New Voices Foundation and JPMorgan Chase’s Advancing Black Pathways initiative are developing and hosting the New Voices Banking Bootcamp – a business banking educational program.
Slated to start later this month, the bootcamp is designed to help women of color entrepreneurs establish strong business banking relationships and expand their access to capital, which is critical to business growth and success. Small businesses that are led by women of color entrepreneurs, for example, are often unable to access both private and public funding opportunities due to weak banking relationships and other factors.
The New Voices Banking Bootcamp seeks to help fill this gap by providing business banking and finance education, as well as a $10,000 award upon completion of the bootcamp.
From Monday, November 30 through December 18, the New Voices Banking Bootcamp will conduct three intensive program sessions to engage 15 participants in workshops to help them:
Master their business finances and understand banking/capital models and risk analyses.
Build and maintain strong relationships with banks and other key financial institutions.
Better position their companies to secure capital to grow and scale in the future.
Applications for the bootcamp are open through Nov. 22.
The program design was shaped by a May 2020 survey of nearly 1,200 women of color entrepreneurs conducted by the New Voices Foundation. During the survey, the respondents shared how their businesses were negatively impacted by the COVID-19 pandemic and details on their banking relationships.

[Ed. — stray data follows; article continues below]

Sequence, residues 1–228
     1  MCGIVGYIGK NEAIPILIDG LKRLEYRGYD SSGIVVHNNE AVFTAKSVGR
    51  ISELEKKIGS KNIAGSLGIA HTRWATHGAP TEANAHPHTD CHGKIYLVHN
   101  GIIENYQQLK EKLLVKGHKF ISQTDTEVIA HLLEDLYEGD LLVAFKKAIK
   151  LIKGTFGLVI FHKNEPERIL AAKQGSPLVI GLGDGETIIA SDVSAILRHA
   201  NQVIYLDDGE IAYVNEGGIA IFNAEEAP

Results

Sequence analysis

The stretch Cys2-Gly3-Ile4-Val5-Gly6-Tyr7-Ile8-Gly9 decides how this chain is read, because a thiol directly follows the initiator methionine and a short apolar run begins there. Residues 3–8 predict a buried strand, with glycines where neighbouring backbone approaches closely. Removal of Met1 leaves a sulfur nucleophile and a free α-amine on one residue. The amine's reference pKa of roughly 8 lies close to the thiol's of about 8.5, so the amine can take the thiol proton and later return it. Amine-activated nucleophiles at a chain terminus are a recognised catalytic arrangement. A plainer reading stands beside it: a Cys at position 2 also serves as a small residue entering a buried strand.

“The [survey] data reinforces what we already knew,” said Richelyna Hall, New Voices Foundation’s Chief Impact Officer. “The importance of capital to small businesses’ ability to grow and thrive cannot be overstated. Access to capital continues to be out of reach for women of color entrepreneurs with investors both less likely to be exposed to these entrepreneurs and less willing to diversify their applicant pools.
Moreover, research has shown that most investors have different standards for women of color when evaluating their funding eligibility. New Voices is committed to helping women-of-color-led businesses learn and implement banking and financial best practices, and the New Voices Banking Bootcamp will jump start the process for participants.”
New Voices Foundation and JPMorgan Chase’s Advancing Black Pathways are keenly aware that the existence, quality and/or depth of an entrepreneur’s relationships with lending institutions significantly impacts their chances of business loan approval.
According to the New Voices Foundation May 2020 survey— almost three-fourths (72.86%) of the respondents said they have either a weak relationship, very weak relationship, or no relationship with any type of lending institution. A recent Federal Reserve Bank of New York report1 substantiated the finding that Black entrepreneurs entered the COVID-19 pandemic at an alarming disadvantage:
“We find that Black employer firms were less likely to enter the pandemic from a strong financial position than white-owned firms, with smaller shares of Black firms operating at a profit, having a high credit score, and using retained business earnings to fund the business. [Forty-two percent] met at least two of these criteria, compared to 73% of white employers.”
New Voices Foundation and JPMorgan Chase’s Advancing Black Pathways are equally committed to changing the narrative for women minority-owned business owners.
“We are committed to building and advancing an inclusive banking system, and as part of this effort, we are intentionally focused on helping Black and Latinx entrepreneurs get access to the capital, tools and insights that they’ll need to grow and scale their businesses,” said Brian Lamb, JPMorgan Chase’s Global Head of Diversity & Inclusion.
“This collaboration with the New Voices Foundation aligns with our efforts to invest in Black and Latinx job creators, and put them on a pathway to sustained success.”
The New Voices Banking Bootcamp is designed in accordance with both New Voices Foundation and Advancing Black Pathways’ common goals of empowering Black entrepreneurs and helping them to forge brighter and more sustainable futures.